There were several people in town here that worked for Old Colony Trust which is now merged with the First National Bank. The Old Colony Trust had a ball team and the rivalry was exaggerated by the fact that so many men who lived here in Concord worked for Old Colony.

Games between teams like Concord Junction and company teams like Old Colony would be arranged on holidays like the Fourth of July celebrations or Labor Day celebrations. I do recall a game in 1912, I think, at the old Fairgrounds. There were tents erected far out into the outfield and the baseball game was going on at the same time. A ground rule was that if a ball hit the tent it was a no more than a two-base hit because the outfielder would have no chance of getting the ball before it became a home run. My uncle was the manager that day. Billy Bulger was a very good ballplayer and he hit one over the tents. No one ever expected the ball to go over the tents so he went all the way around. My uncle went out and argued about it, and the game was held up for fifteen or twenty minutes while that argument went on. But my uncle won the argument and Billy Bulger was sent back to second base. Thirty or forty years later my uncle, Archie, and Billy met downtown and started talking over old times, and my uncle said that was the longest hit he had ever seen but rules are rules.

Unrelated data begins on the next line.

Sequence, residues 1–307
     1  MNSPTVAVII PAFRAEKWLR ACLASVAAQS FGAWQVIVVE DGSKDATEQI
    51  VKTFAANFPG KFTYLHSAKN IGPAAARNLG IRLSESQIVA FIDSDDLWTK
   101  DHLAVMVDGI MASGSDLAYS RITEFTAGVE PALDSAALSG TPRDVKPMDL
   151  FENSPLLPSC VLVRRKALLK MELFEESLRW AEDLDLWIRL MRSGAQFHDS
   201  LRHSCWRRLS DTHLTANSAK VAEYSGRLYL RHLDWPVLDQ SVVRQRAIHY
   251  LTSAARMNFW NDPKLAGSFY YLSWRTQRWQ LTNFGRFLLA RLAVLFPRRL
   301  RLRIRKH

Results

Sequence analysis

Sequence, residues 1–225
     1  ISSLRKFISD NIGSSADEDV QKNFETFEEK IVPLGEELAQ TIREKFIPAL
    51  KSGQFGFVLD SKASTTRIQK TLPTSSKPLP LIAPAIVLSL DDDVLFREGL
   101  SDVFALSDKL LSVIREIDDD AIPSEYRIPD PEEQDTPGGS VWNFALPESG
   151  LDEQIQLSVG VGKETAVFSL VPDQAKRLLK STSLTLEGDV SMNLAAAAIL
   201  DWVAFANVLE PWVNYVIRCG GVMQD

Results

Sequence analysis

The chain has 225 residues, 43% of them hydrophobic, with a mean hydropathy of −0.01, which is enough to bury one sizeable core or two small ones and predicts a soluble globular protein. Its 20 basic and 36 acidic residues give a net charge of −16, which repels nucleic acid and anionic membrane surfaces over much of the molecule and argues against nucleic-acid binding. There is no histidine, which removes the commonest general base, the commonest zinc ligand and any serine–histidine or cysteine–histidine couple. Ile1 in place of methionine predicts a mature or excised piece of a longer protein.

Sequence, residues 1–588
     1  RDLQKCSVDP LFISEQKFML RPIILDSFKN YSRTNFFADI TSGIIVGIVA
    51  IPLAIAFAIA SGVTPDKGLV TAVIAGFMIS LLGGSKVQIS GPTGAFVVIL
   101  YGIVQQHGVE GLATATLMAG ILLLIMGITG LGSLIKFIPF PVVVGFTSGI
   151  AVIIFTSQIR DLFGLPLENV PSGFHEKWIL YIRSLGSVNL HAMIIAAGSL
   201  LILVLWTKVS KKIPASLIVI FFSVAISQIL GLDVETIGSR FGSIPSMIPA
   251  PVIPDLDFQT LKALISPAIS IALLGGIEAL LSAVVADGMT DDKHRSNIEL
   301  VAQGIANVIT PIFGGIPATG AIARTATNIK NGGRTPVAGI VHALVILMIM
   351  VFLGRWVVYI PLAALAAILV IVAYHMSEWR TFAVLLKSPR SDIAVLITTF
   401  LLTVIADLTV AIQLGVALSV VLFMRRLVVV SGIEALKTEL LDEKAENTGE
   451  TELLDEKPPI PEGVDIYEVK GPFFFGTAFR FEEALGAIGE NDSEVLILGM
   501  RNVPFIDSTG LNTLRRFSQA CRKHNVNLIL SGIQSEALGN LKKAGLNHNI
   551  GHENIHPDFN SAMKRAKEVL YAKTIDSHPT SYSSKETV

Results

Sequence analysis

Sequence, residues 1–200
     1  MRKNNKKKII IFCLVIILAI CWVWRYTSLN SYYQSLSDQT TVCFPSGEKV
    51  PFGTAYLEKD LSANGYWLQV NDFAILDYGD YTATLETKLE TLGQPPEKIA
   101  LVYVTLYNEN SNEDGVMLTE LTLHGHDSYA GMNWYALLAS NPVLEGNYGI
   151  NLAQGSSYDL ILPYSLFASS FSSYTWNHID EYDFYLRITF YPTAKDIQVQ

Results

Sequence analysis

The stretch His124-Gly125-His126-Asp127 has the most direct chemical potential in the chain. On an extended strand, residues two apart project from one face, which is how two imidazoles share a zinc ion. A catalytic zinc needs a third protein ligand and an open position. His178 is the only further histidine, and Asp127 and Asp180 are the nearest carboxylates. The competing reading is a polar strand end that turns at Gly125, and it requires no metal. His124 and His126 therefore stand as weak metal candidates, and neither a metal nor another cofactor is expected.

For the Red Sox games we occasionally could get the scores from the telegrapher at the railroad station, especially during world series games. If the telegrapher wasn't too busy taking instructions for the trains, we could get the scores by the innings and what happened. Of course, it was always behind about an inning or two sometimes as much as three innings, but that was a lot better than waiting until the next day to read it in the newspaper. There was always a crowd waiting at the depot for news of the world series games.

This was also true of the championship prize fights. The news came over the wire. The one that stands out in my mind was the Jack Johnson fight in Havanna, Cuba. How they accomplished that I never knew, but there must have been about a hundred of us of all ages standing at the depot waiting for the news.

I used to pick strawberries around here and the one I usually picked for was almost in my own backyard and was owned by Abail Chase. He was one of the biggest growers in this area. He had a strawberry field where the Percy Rideout playground is now. He also had one off Central Street that ran all the way down to where Chase Road is now.

The Reformatory at that time had several industries, a woolen mill, a furniture factory, and a shoe shop. Most of the instructors were from Concord. One superintendent of the woolen mill was Jim Dunlap, who lived up on Main Street, and a Mr. McKenzie was at the woolen mill also. Brick laying was taught by a Mr. Wilson.